Time- and Strata-Bound Features of the Michigan Copper Deposits (USA)

  • G. C. Amstutz


The Lake Superior Copper deposits in the Keweenaw lavas may be explained by a uniform single origin. The congruence analysis in the field, in hand specimens and with the microscope, as well as paragenetic and chemical analyses led to the conclusion that the copper is a comagmatic (contemporaneous) constitutent accumulated in hydromagmatic (deuteric) phases of the Keweenaw basalt magmas. The copper was carried up, in and with the lavas and crystallized in and with the deuteric phases of these lavas. Some parts of these phases escaped into fractures and into overlaying later flows or sediments (mostly porous conglomerates). The hydromagmatic (deuteric) phases show a distinct crystallization sequence in which the native copper occupies a distinct place. The high degree of congruence existing between the compositional variations and the primary lava features (flow lines, layering, breccia generations, dyklets, etc) rules out a later overall redistribution of elements (or minerals) for most of the copper sections. Burial metamorphism may have changed some of the originally basaltic material, but did not upset the stability of the deuteric phases, which are also of a low temperature — low pressure origin.


Copper Deposit Hydrous Mineral Native Copper Hydrothermal Vein Normal Basalt 
These keywords were added by machine and not by the authors. This process is experimental and the keywords may be updated as the learning algorithm improves.


Unable to display preview. Download preview PDF.

Unable to display preview. Download preview PDF.


  1. Amstutz, G.C.: The genesis of the Lake Superior copper deposits. Inst. Lake Superior Copper Geol. Program, p. 25 (abstract) (1958a)Google Scholar
  2. Amstutz, G.C.: Spilitic rocks and mineral deposits. Bull. Missouri School of Mines., Tech. Ser. 96, 11 p. (1958b)Google Scholar
  3. Amstutz, G.C.: Syngenetic zoning in ore deposits. Proc. Geol. Assoc. Canada 11, 95–113 (Fig. 7 on zoning in Michigan lavas) (1959a)Google Scholar
  4. Amstutz, G.C.: Syngenese und Epigenese in Petrographie und Lagerstättenkunde. Schweiz. Mineral. Petrogr. Mitt. 39, 1–84 (1959b)Google Scholar
  5. Amstutz, G.C.: Spilites and spilitic rocks. In: The Poldervaart Treatise on Rocks of Basaltic Composition. Hess, H.H., Poldervaart, A. (eds.). New York: Wiley Interscience 1968, pp. 737–753Google Scholar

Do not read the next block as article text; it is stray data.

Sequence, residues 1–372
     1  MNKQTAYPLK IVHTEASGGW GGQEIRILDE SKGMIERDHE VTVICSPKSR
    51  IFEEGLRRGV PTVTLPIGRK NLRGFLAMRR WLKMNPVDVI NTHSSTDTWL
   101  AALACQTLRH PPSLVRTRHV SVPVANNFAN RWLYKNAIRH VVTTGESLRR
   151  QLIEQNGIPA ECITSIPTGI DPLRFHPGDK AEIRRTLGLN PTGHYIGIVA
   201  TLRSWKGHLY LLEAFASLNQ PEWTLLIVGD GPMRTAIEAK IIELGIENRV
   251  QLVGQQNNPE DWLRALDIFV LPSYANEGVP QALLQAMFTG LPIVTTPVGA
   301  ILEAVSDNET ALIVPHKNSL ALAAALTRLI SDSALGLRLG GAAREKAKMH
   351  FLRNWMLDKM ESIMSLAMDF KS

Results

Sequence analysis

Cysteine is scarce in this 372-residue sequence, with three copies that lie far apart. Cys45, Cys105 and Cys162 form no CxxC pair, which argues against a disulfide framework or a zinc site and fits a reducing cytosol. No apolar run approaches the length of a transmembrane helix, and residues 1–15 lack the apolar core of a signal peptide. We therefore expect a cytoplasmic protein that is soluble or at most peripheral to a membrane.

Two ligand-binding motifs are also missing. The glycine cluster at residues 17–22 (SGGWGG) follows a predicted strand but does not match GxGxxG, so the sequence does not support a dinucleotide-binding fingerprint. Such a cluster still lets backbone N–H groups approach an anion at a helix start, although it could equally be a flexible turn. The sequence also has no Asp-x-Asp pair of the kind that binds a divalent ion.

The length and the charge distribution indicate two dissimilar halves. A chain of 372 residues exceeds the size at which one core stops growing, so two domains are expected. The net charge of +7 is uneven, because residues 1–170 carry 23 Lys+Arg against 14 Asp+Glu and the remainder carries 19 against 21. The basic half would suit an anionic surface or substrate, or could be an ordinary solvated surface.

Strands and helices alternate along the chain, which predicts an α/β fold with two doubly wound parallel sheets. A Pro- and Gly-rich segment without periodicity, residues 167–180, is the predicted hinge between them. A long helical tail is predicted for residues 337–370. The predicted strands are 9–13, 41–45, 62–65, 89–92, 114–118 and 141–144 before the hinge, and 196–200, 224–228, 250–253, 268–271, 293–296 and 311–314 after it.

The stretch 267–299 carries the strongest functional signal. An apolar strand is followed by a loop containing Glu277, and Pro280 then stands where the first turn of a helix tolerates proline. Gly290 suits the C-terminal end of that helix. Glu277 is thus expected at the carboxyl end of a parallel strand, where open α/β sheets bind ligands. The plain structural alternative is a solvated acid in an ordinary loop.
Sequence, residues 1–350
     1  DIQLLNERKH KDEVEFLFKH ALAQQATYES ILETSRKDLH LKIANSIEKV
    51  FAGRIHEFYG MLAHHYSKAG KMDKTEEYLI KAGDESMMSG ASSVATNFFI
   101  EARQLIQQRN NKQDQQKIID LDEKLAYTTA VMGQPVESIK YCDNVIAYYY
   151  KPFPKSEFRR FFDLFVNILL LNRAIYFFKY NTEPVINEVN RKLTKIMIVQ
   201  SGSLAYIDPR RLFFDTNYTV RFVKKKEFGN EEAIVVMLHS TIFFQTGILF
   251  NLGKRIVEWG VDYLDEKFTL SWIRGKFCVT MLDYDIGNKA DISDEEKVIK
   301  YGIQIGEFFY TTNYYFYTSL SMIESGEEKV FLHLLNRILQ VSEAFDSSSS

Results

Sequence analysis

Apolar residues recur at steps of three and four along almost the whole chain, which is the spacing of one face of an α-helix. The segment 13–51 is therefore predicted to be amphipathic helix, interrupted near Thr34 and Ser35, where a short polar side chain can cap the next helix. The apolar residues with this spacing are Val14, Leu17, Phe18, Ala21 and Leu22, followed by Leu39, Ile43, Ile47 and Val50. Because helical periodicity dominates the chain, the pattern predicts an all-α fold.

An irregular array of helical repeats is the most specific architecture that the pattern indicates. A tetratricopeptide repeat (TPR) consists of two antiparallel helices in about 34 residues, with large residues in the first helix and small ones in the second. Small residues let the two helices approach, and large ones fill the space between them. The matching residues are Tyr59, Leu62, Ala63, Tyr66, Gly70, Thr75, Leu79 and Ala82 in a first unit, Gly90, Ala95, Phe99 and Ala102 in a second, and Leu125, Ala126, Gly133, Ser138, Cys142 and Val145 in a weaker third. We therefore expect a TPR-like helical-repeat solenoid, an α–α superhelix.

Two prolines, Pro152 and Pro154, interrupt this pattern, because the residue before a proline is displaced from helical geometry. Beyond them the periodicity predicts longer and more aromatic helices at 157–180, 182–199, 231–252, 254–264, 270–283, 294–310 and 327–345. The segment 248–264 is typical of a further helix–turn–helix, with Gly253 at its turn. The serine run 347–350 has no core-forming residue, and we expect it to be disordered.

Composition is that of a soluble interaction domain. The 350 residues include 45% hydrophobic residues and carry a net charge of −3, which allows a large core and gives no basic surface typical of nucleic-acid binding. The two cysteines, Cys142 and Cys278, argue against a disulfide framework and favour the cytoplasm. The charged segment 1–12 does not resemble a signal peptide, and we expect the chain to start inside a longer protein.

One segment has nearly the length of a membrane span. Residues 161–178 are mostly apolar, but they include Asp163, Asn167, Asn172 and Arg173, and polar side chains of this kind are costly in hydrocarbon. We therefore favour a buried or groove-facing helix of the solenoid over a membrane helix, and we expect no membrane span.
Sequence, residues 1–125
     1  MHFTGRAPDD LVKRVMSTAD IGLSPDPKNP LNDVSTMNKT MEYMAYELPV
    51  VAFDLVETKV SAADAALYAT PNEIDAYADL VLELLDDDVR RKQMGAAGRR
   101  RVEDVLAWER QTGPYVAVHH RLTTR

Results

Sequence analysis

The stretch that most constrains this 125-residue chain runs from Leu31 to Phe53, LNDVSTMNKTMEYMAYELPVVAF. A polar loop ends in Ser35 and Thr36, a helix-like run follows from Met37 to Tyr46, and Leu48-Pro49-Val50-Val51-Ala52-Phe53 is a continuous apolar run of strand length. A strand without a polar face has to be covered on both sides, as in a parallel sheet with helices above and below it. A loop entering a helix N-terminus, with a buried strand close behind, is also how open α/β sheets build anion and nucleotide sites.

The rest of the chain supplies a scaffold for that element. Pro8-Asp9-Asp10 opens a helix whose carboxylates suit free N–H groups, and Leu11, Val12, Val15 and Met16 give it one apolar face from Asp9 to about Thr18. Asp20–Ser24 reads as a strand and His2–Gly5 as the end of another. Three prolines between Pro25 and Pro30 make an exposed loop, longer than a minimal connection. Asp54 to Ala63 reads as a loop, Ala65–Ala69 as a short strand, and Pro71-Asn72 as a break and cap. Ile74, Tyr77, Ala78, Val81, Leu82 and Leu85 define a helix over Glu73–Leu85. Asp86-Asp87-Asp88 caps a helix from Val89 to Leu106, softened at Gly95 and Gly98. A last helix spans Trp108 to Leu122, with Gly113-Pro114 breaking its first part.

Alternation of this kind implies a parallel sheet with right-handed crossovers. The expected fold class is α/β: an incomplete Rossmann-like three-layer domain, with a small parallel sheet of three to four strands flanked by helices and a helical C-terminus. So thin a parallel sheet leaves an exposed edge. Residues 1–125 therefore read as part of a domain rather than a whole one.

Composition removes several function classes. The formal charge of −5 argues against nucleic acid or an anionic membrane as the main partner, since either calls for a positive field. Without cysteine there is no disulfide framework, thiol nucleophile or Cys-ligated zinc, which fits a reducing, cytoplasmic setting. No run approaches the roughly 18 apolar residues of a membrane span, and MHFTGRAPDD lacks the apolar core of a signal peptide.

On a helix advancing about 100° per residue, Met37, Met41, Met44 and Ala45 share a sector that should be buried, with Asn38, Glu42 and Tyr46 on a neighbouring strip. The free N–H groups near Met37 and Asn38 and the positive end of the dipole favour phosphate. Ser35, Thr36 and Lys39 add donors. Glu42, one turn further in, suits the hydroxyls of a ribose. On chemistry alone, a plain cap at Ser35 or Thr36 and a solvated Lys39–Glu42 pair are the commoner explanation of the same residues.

6. Amstutz, G.C.: Space, time and symmetry in zoning. Symp. Problems of Postmagmatic Ore Deposition (Prague), Vol. I, 1963, pp. 33–37Google Scholar
  7. Amstutz, G.C.: Some comments on the genesis of ores. Symp. Problems of Postmagmatic Ore Deposition (Prague), Vol. II, 1965, 147–150.Google Scholar
  8. Amstutz, G.C.: Die Kupfererzlagerstätten in den Laven vom Oberen See: Deutung neuer Beobachtungen. Clausthal: GDMB, 1966a, pp. 67–74Google Scholar
  9. Amstutz, G.C.: La Symmétrie comme critère génétique en géochimie et en gitologie. Bull. Suisse Mineral. Petrol. 46, 329–335 (1966b)Google Scholar
  10. Amstutz, G.C. (ed.): Spilites and Spilitic Rocks. IUGS Ser. A, No. 4. Berlin-Heidelberg-New York: Springer 1974, 482 p.Google Scholar
  11. Amstutz, G.C.: The logic of relations in ore genesis. Proc. 15th Inter-University Geol. Congress, 1967, Leicester, England, pp. 13–26Google Scholar
  12. Broderick, T.M.: The origin of the Michigan copper deposits. Econ. Geol. 47, 215–220 (1952)CrossRefGoogle Scholar
  13. Broderick, T.M.: Copper deposits of the Lake Superior region. Econ. Geol. 51, 285–287 (1956)CrossRefGoogle Scholar
  14. Cornwall, H.R.: Differentiation in magmas of the Keweenawan Series. J. Geol. 59, 151–172 (1951a)CrossRefGoogle Scholar
  15. Cornwall, H.R.: Differentiation in lavas of the Keweenawan Series and the origin of the copper deposits of Michigan. Bull. Geol. Soc. Am. 62, 159–202 (1951b)CrossRefGoogle Scholar
  16. Cornwall, H.R.: A summary on ideas of the origin of native copper deposits. Econ. Geol. 51, 615–631 (1956)CrossRefGoogle Scholar
  17. Jenney, C.P.: The Coppermine River Area, Northwest Territories, Canada. Proc. Geol. Assoc. Can. 6, 11–26 (1954)Google Scholar
  18. Leith, C.K., Lund, R.J., Leith, A.: Pre-Cambrian rocks of the Lake Superior region. U.S. geol. Survey Prof. Paper 184, 34 p.Google Scholar
  19. Lindgren, W.: Mineral Deposits. 4th ed. New York: McGraw-Hill 1933, 930 p.Google Scholar
  20. Moffit, F.H., Capps, S.R.: Geology and mineral resources of the Nizira district, Alaska. USGS Bull. 448, I–III (Amygdaloidal copper, 79–83) (1911)Google Scholar
  21. Niggli, P.: The chemistry of the Keweenawan lavas. J. Sci., Bowen Vol. 381–412 (1952)Google Scholar
  22. Pumpelly, R.: Copper District. Geol. Survey of Michigan; Upper Peninsula (1869–1873), I, Part 2, New York.Google Scholar
  23. Pumpelly, R.: The paragenesis and derivation of copper and its associates on Lake Superior. Am. J. Sci., 3rd Ser. 2, 188–198, 243–258, 347–355 (1874)Google Scholar
  24. Rickard, T.A. (ed.): Ore deposits. Discussion in: Ore Deposits, A Discussion. Eng. Mining J., New York, May 1903, 1–17; 56–60 (1903)Google Scholar
  25. Smith, R.E.: The production of spilitic lithologies by bural metamorphism of flood basalts from the Canadian Keweenawan, Lake Superior. In: Spilites and Spilitic Rocks. Amstutz, G.C. (ed). Berlin-Heidelberg-New York: Springer 1974, pp. 403–416Google Scholar
  26. Walger, E.: Über die postmagmatischen Umwandlungserscheinungen an den Melaphyren des Pfälzer Berglandes. Unpubl. thesis, Freiburg (Germany), 98 p.Google Scholar
  27. White, W.S.: Regional Structural Setting of the Michigan Native Copper District. Michigan: College of Mining and Technology Press, Institute on Lake Superior Geology, 1956, pp. 3–16Google Scholar

Copyright information

© Springer-Verlag Berlin Heidelberg 1977

Authors and Affiliations

  • G. C. Amstutz
    • 1
  1. 1.HeidelbergGermany

Personalised recommendations